A security analyst is responsible for ensuring the collection, processing, preservation, analysis and presentation of evidence in support of vulnerability mitigation and information security incident investigations. The security analyst also responds to computer security incidents in line with internal protocols. Advice and guidance will be provided to staff for handling information security incidents. The security analyst will work closely with security specialists to ensure that appropriate controls and standards are adhered to allow appropriate access to information and prevent malicious attacks.
It is recognised that for effective service delivery to the customer, the organisation needs to create a balance between the need to protect information security, with the need to have access and information exchange to facilitate service delivery to their clients. A sound appreciation of the environment and sensitivity of information is central to this role. The security analyst will also work with the policy officer in developing policies that that provide users with guidelines that assist in ensuring information is stored and accessed in a safe way.
A security analyst exhibits a combination of capabilities from the Skills Framework for the Information Age (SFIA) and from the Queensland Public Service Leadership competencies for Queensland Framework.
Within the SFIA profile, the security analyst has level 5 capabilities, i.e. ensures and advises on the skills outlined below.
Refer to the framework for descriptions of the seven levels of responsibility and accountability.
SFIA skill code
SFIA skill level of responsibility
SFIA skills level descriptor
Monitors the application and compliance of security administration procedures and reviews information systems for actual or potential breaches in security. Ensures that all identified breaches in security are promptly and thoroughly investigated and that any system changes required to maintain security are implemented. Ensures that security records are accurate and complete and that request for support are dealt with according to set standards and procedures. Contributes to the creation and maintenance of policy, standards, procedures and documentation for security.
Provides advice and guidance on security strategies to manage identified risks and ensure adoption and adherence to standards. Obtains and acts on vulnerability information and conducts security risk assessments, business impact analysis and accreditation on complex information systems. Investigates major breaches of security and recommends appropriate control improvements. Contributes to development of information security policy, standards and guidelines.
Ensures that incidents are handled according to agreed procedures. Investigates escalated incidents to responsible service owners and seeks resolution. Facilitates recovery, following resolution of incidents. Ensures that resolved incidents are properly documented and closed. Analyses causes of incidents and informs service owners in order to minimise probability of recurrence and contribute to service improvement. Analyses metrics and reports on performance of incident management process.
Conducts investigations to correctly gather, analyse and present the totality of findings including digital evidence to both business and legal audiences. Collates conclusions and recommendations and presents forensics findings to stakeholders. Contributes to the development of policies, standards and guidelines.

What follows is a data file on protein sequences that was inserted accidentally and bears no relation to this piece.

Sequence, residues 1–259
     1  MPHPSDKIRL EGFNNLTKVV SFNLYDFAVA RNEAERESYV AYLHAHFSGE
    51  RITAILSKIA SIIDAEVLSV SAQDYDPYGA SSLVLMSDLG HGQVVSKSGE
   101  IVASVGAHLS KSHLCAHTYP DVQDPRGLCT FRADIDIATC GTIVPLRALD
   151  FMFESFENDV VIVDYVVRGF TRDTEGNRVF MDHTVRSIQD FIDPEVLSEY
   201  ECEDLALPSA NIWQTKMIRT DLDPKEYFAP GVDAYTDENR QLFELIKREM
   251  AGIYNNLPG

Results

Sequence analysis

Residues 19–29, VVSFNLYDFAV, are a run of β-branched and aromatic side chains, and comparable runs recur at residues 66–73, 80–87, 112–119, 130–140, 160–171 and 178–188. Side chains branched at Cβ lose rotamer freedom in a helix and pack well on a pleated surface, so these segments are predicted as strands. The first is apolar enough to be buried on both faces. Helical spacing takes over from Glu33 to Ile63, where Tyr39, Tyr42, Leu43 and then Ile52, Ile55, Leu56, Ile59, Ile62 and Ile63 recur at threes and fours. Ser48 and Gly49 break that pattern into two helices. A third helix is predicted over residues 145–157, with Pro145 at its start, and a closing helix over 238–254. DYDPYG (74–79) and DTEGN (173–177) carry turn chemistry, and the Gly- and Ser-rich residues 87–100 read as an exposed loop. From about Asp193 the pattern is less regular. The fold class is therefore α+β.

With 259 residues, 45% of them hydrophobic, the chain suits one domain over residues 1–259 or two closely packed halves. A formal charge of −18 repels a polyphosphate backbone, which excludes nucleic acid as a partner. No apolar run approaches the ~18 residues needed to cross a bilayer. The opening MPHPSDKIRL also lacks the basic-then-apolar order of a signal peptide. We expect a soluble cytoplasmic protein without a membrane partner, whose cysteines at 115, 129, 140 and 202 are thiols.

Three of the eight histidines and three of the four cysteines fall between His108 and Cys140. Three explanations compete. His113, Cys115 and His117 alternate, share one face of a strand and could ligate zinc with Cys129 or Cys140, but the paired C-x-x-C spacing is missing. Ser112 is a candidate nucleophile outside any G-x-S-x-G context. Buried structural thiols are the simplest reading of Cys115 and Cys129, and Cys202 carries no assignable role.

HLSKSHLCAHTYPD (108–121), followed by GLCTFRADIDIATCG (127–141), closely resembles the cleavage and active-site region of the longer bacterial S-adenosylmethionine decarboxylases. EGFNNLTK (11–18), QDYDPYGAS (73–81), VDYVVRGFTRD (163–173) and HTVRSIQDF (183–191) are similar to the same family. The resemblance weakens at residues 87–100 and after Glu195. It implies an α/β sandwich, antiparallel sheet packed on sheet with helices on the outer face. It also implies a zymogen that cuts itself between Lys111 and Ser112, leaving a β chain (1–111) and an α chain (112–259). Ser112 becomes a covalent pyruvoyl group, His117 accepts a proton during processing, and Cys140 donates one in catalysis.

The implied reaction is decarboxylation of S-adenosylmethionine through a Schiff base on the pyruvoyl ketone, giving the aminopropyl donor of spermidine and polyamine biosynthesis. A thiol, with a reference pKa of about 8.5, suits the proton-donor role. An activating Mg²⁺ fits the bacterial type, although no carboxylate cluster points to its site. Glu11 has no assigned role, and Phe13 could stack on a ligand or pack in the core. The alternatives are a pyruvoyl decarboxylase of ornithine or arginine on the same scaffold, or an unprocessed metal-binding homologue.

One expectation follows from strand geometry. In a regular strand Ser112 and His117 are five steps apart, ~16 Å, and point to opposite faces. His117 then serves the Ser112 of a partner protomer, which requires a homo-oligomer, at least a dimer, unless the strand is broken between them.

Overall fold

Queensland Government roles align with the Leadership competencies for Queensland.
Leadership competencies for Queensland describes what highly effective, everyday leadership looks like in the sector. In simple, action-oriented language, it provides a common understanding of the foundations for success across all roles. The profile describes three performance dimensions (vision, results and accountability) and 11 leadership competencies required against five leadership streams.
Leadership streams are not connected to a level or classification, but rather reflect the balance between leadership and technical skills required of an individual. Individuals can consider the ‘value proposition’ of roles rather than the traditional lens of hierarchical structures or classification levels. The five leadership streams are:
- Individual contributor (Leads self and does not supervise others)
- Team leader (leads a team and typically reports to a program leader)
- Program leader (leads team leaders and/or multiple areas of work)
- Executive (leads program leaders or other executives)
- Chief executive (leads the organisation).
When developing a role description, identify the role type and then focus on the most important attributes and create a balance between SFIA skills and leadership skills.
A degree level qualification in information technology or information systems is required for this role.
 The Skills Framework for the Information Age (SFIA) provides a common language that integrates with an organisation’s way of working, to improve capability and resource planning, resource deployment and performance management. This role profile quotes extensively from the SFIA, under licence from the SFIA Foundation. Information about the SFIA can be found at http://www.sfia-online.org/en
 The Leadership competencies for Queensland framework plays a key role in translating the government’s ‘talent management requirements’ into clear behavioural terms. The competencies can be utilised in talent management strategies, including workforce planning, talent acquisition, leadership development, capability development, performance management, career management and succession planning. The competences can be accessed here Leadership competencies for Queensland